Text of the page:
I think the thing to do is to keep the accent liner at 5 foot-ish and figure out how to incorporate the niche. The accent can be above the niche, below, in between two niches, or wrap through. I’ve written two posts on niches and have a 3rd coming out on Tuesday morning. These posts have a lot of photos and examples of niches and also links to other resources to look at more and get design ideas.

The entrance is 64″ wide and 55″ deep. I am planning on putting a black border tile, a smaller white tile, a smaller yet black tile with the interior space filled with hexagon shaped tile. How wide should each of my border tiles be or should i scrape the idea and start with something else?

The best way is to get the tiles in the space and play around with the layout, pattern, and sizes. Being efficient with the material is a factor also. For example, maybe you decide to make one of the pieces 5 inches because you can get two tiles out of one piece. Being in the room and designing it will work much better than trying to come up with something over the internet.

we are doing a shower/tub combo project that also has a small window in the shower. We are using base tiles in large format (16×32). There are 77 inches above the tub. If we use your formula we will end up with a strange cut pattern in the 16″ tiles. Working from the tub up we were considering doing 2 full 16″ tiles and then putting the pattern at the 51″ mark, but that seems a bit low. If we do 3 16″ tiles then the pattern ends up at the 67″ mark which not only seems high but impacts the window which is there. The window would end up cutting through about 3″ of the strip pattern which seems problematic.

So, if this were you would you do the placement of the strip lower – the 51″ mark, or do additional cuts in the tile to achieve your 60″ placement?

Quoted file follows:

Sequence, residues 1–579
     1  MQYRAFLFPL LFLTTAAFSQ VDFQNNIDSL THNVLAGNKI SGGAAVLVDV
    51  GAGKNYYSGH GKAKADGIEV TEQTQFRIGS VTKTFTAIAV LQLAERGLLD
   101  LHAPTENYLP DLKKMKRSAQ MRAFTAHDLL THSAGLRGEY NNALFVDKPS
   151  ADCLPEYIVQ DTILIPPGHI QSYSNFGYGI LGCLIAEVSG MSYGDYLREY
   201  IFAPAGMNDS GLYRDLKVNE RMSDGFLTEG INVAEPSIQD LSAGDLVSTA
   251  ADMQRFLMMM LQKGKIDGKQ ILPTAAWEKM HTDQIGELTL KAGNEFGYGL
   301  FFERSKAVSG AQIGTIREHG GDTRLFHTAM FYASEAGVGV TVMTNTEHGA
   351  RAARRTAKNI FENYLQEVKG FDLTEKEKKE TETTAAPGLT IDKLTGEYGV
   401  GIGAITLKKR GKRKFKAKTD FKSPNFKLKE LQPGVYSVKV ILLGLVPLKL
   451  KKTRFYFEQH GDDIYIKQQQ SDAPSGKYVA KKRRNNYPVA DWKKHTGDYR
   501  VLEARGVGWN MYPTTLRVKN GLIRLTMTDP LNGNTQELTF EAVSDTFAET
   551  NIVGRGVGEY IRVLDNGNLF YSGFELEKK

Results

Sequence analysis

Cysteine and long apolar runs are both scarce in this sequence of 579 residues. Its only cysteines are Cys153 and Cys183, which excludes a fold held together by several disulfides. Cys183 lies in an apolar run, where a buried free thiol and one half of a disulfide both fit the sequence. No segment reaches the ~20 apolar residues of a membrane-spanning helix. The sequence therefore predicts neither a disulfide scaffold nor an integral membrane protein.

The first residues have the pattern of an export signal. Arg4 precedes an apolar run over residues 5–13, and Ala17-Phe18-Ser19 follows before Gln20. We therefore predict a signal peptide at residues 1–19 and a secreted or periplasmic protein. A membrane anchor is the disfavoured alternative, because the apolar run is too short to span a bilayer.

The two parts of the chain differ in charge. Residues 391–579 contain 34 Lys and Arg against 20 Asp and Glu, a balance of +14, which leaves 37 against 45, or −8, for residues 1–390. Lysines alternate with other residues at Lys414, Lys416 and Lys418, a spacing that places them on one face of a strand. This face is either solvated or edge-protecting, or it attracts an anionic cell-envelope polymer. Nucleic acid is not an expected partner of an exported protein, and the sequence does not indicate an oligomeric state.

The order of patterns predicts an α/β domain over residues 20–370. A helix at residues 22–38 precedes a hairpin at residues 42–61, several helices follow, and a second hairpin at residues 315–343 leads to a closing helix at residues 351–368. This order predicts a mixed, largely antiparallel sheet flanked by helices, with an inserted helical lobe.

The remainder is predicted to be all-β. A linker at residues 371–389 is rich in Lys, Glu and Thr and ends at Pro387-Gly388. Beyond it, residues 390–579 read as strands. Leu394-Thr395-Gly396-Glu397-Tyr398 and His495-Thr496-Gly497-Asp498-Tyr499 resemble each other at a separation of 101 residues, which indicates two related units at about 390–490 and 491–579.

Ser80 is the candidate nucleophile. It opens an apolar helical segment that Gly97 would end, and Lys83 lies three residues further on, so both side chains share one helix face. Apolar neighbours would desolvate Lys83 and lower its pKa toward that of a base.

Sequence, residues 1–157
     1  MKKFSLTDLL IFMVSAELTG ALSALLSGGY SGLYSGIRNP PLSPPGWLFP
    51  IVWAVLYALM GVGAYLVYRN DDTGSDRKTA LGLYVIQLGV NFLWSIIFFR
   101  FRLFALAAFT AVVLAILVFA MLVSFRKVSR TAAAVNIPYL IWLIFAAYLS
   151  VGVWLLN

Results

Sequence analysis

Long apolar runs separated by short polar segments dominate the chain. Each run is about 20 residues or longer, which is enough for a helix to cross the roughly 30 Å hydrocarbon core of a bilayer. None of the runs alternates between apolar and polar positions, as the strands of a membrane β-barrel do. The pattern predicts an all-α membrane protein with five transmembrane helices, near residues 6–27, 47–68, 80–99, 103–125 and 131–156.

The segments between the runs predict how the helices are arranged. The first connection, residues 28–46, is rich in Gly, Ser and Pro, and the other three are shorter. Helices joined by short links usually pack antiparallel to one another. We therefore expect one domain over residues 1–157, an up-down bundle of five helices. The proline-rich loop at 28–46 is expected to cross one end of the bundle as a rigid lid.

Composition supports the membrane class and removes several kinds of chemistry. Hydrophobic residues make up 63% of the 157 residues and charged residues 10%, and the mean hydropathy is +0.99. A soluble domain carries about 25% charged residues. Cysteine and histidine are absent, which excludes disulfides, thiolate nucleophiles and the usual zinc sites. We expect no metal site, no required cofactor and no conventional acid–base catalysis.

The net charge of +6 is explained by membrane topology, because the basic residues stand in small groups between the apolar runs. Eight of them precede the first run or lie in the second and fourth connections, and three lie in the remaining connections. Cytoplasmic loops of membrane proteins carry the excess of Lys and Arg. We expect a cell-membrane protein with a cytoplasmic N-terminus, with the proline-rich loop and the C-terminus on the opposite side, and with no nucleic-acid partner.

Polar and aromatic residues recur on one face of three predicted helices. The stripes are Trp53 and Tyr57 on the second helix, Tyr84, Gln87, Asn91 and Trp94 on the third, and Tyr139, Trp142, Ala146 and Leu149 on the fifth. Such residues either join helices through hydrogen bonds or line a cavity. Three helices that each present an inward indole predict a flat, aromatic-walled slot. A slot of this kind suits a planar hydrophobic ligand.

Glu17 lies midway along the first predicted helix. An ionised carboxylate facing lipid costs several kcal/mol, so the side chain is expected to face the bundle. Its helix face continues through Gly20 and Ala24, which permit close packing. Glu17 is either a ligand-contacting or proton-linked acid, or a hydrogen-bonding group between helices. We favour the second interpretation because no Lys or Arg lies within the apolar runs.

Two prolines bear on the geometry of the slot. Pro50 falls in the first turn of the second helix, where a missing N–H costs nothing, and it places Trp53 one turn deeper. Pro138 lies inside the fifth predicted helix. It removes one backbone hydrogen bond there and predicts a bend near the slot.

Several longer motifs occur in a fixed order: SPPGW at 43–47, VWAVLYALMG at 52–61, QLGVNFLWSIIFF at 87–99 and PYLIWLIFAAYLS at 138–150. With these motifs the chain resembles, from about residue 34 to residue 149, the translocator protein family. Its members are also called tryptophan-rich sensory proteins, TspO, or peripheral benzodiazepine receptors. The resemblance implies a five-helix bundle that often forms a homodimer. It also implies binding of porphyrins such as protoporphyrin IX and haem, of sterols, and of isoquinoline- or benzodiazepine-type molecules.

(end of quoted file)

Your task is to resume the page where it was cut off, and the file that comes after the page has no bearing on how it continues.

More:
And if you recommend tile cuts, would you recommend even cuts like cutting 3 16″ tiles down to 14″ each all the way around the tub, or conversely going 16″, 16″, 6″ above the tub and having that 6″ strip kind of be the odd ball tile in the whole shower.

I wouldn’t cut into a row of tile and if I did it would be in the center of the tile. The golden ratio is a guide. Here’s what I see the options being:

1. Re-examine the layout: You’re talking about starting with full tile off of the tub. What if you started with full tile at the ceiling? What if you centered the window? Maybe started full under the window? Centered the top and bottom cuts?

Take a look at it and see which layout works the best.

2. Re-examine the accent: What if you went with one 16 inch tile off of the tub. This would put the accent at 3 foot-ish rather than 5 foot-ish which is still Golden ratio-ish.

Maybe do something completely different. Vertical maybe? Something else?

3. Eliminate the accent and go neat and clean. (I know. Probably not going to happen)

4.

~~Install it at 67 inches.~~Edit: I just reread the comment. I don’t think it’s a good idea to have it go partway through the window. It usually would go completely under the window or the window would completely interrupt it. Part way doesn’t work.If all else fails you could cut it into the middle which would be 59 inches? Not my favorite but possibly doable.

Thanks! We’re going to do the start with full tile at the ceiling as you suggest – that should work out perfectly! Thanks!

Hello we have a tub shower combo we are tiling and have 8′ ceilings. If we use the golden ratio, it puts our mosaic strip that is 4 inches wide in the middle of our niche. I do not want to have the mosaic tile to go into our niche. What do you suggest we do go above the niche or below the niche ?

I would look at what you can do differently. Can you lower the niche? Can run the accent 3 foot-ish instead of 5 foot-ish? What about using the mosaic only in the back of the niche and not as a horizontal accent? What about running it vertically?

If all of those things are out you’ll have to just stand back and look at it. Do you want it around the middle or a foot or two from the ceiling? I think my vote is for the higher.

Would it ever be proper to put transitions at 3′ and 5′ of 8′? Thanks so much. For example, square tiles up to 3′, then diagonal tiles to 5′, then back to square.

Yes, it’s proper. And can look good too!